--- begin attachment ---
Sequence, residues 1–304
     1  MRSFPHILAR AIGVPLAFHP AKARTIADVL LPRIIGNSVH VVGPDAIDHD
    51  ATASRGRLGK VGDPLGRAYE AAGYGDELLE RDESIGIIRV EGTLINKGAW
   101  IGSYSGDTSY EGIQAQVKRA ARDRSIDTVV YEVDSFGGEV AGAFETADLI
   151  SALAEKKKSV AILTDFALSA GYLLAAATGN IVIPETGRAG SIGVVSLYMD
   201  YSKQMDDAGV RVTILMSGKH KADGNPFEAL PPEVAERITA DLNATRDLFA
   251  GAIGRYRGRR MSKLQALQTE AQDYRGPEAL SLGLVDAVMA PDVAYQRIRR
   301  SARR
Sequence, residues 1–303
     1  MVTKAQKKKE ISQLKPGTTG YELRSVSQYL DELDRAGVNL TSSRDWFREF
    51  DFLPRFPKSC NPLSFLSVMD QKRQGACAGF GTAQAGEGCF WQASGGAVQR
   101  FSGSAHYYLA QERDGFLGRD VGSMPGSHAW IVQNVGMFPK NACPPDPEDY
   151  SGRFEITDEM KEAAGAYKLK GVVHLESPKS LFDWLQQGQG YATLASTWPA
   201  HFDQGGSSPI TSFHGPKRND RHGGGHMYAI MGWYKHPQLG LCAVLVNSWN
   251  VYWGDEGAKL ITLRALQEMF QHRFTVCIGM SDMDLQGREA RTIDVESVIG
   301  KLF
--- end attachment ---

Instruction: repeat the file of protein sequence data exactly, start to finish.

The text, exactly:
Sequence, residues 1–304
     1  MRSFPHILAR AIGVPLAFHP AKARTIADVL LPRIIGNSVH VVGPDAIDHD
    51  ATASRGRLGK VGDPLGRAYE AAGYGDELLE RDESIGIIRV EGTLINKGAW
   101  IGSYSGDTSY EGIQAQVKRA ARDRSIDTVV YEVDSFGGEV AGAFETADLI
   151  SALAEKKKSV AILTDFALSA GYLLAAATGN IVIPETGRAG SIGVVSLYMD
   201  YSKQMDDAGV RVTILMSGKH KADGNPFEAL PPEVAERITA DLNATRDLFA
   251  GAIGRYRGRR MSKLQALQTE AQDYRGPEAL SLGLVDAVMA PDVAYQRIRR
   301  SARR
Sequence, residues 1–303
     1  MVTKAQKKKE ISQLKPGTTG YELRSVSQYL DELDRAGVNL TSSRDWFREF
    51  DFLPRFPKSC NPLSFLSVMD QKRQGACAGF GTAQAGEGCF WQASGGAVQR
   101  FSGSAHYYLA QERDGFLGRD VGSMPGSHAW IVQNVGMFPK NACPPDPEDY
   151  SGRFEITDEM KEAAGAYKLK GVVHLESPKS LFDWLQQGQG YATLASTWPA
   201  HFDQGGSSPI TSFHGPKRND RHGGGHMYAI MGWYKHPQLG LCAVLVNSWN
   251  VYWGDEGAKL ITLRALQEMF QHRFTVCIGM SDMDLQGREA RTIDVESVIG
   301  KLF